Thursday, 18 March 2010
British ‘permeability’ infrastructure v. European cycling
You can see at a glance the obvious superiority of British cycling infrastructure. This marvellous facility on Edinburgh Road E17 represents "permeability" at its finest. It prevents cycling anarchy of the sort to be seen in that second photograph, which shows Groningen where people cycle as many as seven abreast and nobody wears helmets. If those people in Groningen tried using this special Walthamstow permeability facility they would obviously collide. And as any Jersey child cyclist will tell you, we’d then be looking at brain damage on a truly apocalyptic scale.
(Below) Look at this woman in Denmark. Instead of spending her income on a People Carrier to drive her children to their nursery like any normal British person, this crazy foreigner has obviously frittered away her money on clothes and having her hair done. As a result she is reduced to transporting her children in some sort of weird wooden tub on wheels. Apparently it’s called a Christiania, after a notorious commune full of drug-taking hippies. No wonder one of her children is screaming in terror and embarrassment.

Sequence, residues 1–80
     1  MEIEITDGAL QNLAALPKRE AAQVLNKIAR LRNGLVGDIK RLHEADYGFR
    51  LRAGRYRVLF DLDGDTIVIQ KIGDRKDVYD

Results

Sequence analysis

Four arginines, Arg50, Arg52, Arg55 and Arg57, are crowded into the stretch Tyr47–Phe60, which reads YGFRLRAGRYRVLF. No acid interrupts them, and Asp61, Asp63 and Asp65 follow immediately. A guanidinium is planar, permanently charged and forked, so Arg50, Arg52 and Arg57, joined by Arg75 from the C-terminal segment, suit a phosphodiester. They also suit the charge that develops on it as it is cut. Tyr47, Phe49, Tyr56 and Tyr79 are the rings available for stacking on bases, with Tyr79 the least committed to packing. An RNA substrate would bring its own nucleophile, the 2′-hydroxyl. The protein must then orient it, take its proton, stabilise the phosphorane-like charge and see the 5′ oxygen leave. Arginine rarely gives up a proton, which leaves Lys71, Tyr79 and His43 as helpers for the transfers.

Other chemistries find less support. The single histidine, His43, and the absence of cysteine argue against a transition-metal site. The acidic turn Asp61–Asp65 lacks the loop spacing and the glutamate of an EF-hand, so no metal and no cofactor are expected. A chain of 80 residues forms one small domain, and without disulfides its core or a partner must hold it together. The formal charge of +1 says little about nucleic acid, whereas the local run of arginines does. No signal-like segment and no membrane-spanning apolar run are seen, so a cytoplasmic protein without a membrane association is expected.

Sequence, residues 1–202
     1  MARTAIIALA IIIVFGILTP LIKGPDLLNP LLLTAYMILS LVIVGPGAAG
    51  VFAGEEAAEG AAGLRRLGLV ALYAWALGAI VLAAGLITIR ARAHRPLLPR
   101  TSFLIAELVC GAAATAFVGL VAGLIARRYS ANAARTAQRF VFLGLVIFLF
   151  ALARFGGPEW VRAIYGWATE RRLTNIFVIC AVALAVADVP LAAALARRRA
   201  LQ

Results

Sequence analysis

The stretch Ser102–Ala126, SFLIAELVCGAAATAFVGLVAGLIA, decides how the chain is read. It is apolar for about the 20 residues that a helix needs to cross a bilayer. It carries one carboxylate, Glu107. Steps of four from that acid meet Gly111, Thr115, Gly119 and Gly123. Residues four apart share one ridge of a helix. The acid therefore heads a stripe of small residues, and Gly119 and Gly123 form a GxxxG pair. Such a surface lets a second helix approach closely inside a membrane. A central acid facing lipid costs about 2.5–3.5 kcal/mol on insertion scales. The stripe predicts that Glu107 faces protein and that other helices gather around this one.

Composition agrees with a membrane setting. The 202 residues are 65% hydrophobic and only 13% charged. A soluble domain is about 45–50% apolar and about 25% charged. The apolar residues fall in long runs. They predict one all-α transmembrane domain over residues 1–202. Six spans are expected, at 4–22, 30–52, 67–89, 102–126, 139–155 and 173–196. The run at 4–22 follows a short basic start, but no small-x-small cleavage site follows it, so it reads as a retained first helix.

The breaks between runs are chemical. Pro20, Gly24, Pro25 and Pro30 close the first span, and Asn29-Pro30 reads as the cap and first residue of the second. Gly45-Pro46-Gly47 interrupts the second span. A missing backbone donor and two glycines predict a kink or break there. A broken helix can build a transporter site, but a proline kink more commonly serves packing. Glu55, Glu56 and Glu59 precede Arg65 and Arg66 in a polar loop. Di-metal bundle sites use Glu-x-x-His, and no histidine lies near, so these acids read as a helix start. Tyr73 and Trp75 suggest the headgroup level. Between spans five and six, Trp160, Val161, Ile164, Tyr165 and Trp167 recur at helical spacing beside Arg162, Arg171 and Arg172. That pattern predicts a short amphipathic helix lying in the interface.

British cycling infrastructure cleverly puts a stop to all this foreign cycling nonsense. The Edinburgh Road cycle access facility is inexpensive, costing only £8.50p (apart from the design consultancy fee from Esom, Loakes & Robinson, which adds just £476,000 to the final bill).
Cycle access like this makes cycling much safer by preventing the transportation of children in wooden tubs. There’s no way you’d get a Christiania through this gap. No coincidence that this dedicated cycle access is just a few metres from Edinburgh Road Primary School!